Root canal treatment is a main procedure in Endodontics, which is the study of diseases of the tooth’s pulp. The pulp lies in the tooth’s centre and in root canals of each tooth root and consists of nerves, blood vessels, and connective tissue. It nourishes the tooth upon its first appearance. After the maturation of the tooth, the pulp can be removed from the pulp chamber.). This procedure is called endodontic treatment, or more commonly, root canal treatment.
The need for root canal treatment arises for two main reasons:
In the case of pulp infection, no pain is felt at first. Pain and swelling occur if the infection is left untreated. An abscess may develop. The following are common signs and symptoms of pulp infection:
One or sometimes more visits are needed for root canal treatment, depending on the individual case of the patient. Several appointments are usually required for the complete elimination of the infection. In some cases, root canals are difficult to locate so the treatment takes longer. When the treatment is completed, the patient should see a general dentist to restore the tooth with a crown or filling.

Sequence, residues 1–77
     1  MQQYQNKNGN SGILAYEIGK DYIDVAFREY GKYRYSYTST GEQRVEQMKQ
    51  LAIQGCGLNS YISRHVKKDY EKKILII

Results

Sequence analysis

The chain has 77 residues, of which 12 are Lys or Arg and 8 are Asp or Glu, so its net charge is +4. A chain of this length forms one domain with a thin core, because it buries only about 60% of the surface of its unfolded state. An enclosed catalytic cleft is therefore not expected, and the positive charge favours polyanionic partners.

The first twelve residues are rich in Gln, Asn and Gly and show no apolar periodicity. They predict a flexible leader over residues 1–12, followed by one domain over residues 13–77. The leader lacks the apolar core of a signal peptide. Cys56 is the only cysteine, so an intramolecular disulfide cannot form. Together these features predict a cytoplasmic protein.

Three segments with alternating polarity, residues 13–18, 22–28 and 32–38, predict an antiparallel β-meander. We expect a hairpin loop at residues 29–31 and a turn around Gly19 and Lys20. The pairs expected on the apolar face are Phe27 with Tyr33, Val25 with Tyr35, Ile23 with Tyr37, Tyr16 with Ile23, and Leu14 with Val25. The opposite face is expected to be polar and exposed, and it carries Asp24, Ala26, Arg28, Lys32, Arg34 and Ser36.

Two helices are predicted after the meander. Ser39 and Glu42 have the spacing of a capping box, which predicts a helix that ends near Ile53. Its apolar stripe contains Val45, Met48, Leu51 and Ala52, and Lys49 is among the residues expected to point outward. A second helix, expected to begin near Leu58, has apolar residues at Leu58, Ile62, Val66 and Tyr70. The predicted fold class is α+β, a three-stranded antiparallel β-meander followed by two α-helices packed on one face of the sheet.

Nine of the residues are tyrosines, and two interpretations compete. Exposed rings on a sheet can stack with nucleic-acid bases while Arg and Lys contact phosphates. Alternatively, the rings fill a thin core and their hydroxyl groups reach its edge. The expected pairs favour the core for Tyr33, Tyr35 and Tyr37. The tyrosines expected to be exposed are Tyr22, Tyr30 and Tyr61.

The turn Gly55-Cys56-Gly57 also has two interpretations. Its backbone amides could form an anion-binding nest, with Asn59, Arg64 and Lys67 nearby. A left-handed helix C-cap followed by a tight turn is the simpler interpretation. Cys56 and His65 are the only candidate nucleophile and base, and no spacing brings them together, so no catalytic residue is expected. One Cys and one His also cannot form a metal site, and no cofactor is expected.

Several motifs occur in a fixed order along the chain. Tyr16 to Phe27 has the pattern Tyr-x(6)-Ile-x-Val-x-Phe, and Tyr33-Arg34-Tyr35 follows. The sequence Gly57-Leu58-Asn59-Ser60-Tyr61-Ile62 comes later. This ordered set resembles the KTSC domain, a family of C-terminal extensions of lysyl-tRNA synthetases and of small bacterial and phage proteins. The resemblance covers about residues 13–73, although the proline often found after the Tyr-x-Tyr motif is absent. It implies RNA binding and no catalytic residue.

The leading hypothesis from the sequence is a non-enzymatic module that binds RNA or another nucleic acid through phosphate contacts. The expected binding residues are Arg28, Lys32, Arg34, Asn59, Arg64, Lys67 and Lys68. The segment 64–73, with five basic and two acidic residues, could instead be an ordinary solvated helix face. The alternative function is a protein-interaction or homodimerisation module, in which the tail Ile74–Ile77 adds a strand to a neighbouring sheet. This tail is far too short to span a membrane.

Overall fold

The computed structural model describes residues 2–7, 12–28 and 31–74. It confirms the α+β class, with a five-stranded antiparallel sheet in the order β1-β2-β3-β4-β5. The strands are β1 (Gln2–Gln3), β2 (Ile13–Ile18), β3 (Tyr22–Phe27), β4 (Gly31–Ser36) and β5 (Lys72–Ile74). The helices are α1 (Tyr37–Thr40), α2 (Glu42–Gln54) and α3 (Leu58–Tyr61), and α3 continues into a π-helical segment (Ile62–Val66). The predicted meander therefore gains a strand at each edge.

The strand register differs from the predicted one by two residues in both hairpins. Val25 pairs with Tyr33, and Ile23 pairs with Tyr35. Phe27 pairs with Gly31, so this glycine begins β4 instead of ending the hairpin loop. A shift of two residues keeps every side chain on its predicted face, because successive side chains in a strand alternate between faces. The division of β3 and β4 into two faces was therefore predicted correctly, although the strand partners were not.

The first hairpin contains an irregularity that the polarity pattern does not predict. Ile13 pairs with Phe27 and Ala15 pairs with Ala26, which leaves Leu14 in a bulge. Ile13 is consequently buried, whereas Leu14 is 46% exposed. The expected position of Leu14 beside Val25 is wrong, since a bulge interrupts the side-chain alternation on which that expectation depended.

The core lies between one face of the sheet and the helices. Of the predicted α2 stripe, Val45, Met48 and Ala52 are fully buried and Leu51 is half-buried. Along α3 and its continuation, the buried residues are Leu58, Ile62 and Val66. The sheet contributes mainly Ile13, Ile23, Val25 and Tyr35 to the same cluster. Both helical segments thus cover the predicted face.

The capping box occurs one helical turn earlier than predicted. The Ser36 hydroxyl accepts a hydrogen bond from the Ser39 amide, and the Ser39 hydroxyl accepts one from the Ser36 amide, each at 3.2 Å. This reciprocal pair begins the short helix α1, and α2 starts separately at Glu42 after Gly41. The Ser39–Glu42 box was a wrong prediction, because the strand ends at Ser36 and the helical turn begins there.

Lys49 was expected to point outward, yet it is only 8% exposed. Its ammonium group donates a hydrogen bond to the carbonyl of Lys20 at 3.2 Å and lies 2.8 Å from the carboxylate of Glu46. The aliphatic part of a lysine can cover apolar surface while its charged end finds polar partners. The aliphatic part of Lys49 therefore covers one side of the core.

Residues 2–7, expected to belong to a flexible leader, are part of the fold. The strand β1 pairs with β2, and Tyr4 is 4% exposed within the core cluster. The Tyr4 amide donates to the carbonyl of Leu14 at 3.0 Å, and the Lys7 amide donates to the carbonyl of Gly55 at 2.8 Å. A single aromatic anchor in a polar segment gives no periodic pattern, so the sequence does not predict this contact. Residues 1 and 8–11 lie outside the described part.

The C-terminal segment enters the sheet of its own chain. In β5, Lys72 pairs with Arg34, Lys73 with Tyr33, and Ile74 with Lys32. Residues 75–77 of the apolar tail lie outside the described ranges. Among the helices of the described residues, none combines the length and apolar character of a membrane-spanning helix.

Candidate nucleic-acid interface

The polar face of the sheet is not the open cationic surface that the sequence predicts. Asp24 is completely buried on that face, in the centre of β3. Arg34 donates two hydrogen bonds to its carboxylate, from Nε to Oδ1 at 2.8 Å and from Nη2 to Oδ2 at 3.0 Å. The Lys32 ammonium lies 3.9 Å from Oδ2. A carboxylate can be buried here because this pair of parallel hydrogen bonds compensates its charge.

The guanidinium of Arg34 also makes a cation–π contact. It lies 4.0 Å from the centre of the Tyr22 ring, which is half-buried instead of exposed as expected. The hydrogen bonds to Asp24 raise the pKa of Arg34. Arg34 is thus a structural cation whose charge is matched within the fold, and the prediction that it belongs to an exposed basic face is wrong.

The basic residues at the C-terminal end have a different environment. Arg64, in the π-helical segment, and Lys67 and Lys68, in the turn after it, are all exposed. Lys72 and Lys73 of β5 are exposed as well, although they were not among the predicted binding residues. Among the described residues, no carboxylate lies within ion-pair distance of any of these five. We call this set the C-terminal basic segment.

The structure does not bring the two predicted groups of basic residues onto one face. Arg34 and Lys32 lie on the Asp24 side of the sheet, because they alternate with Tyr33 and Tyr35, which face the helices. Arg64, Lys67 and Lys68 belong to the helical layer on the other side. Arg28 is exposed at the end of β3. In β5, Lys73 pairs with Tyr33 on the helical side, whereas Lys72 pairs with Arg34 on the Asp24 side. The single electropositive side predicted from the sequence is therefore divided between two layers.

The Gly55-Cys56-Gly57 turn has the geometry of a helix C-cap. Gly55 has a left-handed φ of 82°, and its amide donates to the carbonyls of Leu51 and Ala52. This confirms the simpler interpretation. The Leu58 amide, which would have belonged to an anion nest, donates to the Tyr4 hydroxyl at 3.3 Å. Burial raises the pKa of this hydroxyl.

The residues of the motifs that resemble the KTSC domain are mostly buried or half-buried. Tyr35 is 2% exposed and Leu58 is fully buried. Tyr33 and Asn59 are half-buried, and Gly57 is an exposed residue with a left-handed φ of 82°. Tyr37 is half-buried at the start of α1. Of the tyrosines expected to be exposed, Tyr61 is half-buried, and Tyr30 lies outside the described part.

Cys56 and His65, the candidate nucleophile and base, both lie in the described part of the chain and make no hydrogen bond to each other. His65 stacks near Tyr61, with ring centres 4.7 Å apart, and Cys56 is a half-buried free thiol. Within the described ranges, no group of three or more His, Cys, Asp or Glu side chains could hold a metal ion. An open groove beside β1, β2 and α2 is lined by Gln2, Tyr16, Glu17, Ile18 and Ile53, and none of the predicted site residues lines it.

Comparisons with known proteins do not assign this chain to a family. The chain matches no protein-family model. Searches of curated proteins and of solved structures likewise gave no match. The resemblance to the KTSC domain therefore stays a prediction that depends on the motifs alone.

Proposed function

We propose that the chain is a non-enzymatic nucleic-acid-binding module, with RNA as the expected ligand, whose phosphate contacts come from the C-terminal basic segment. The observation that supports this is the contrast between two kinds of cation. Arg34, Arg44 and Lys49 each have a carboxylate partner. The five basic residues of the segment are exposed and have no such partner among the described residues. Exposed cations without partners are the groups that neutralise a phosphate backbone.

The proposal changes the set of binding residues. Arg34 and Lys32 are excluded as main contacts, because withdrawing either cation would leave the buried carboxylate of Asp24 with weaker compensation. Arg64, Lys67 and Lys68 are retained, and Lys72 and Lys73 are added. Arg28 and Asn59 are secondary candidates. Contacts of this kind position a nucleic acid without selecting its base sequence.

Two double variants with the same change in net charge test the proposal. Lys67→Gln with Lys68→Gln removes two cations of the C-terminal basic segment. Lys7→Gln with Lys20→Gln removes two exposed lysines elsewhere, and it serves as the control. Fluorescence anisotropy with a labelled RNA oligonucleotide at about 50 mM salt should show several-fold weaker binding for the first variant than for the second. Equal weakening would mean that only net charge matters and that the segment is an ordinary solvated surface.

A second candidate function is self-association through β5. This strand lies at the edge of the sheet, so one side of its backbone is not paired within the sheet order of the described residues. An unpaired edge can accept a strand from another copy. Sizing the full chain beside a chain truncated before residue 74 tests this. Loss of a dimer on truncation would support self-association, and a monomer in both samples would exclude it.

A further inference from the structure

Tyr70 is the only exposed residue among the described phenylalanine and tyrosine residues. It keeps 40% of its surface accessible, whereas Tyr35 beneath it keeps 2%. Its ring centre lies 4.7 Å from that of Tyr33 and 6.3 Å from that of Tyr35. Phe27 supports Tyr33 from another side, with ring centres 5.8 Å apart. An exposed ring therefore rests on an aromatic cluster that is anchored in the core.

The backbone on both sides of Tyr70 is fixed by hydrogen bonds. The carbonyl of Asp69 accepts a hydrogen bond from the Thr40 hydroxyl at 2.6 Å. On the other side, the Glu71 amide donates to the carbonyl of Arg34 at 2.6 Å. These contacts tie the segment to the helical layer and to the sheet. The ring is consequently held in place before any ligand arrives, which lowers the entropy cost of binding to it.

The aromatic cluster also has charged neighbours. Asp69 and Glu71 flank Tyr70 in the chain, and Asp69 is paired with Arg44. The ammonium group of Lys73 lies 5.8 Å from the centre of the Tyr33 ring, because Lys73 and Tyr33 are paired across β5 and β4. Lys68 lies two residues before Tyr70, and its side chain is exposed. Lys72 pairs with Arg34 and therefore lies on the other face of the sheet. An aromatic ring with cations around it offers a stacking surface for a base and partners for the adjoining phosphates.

Root canal treatment proceeds in the following steps:
The dentist will numb the area around the tooth. Sedatives like nitrous oxide may be applied, if needed. The dentist will then make a hole in the top or back of the infected tooth to reach the pulp chamber. Next thing to do is to remove some of the infected pulp. Then the root canals are measured by means of x-rays or an electric device called an apex locator. Both may be used in measuring.
Cleaning includes the removal of all the infected tissue from the canal by means of specially designed instruments. After the removal of infected tissue, the canal is cleaned with an antiseptic solution.
After cleaning the canal, the whole of it is filled down to the roots. To cover the new root filling, the your Blackburn dentist will place a temporary filling. A permanent filling is then used to restore the crown of the tooth.
After the treatment, the tooth is usually sore for 2 to 3 days and the dentist may prescribe analgesics to relieve the pain. He or she may also advise not to chew on the treated side.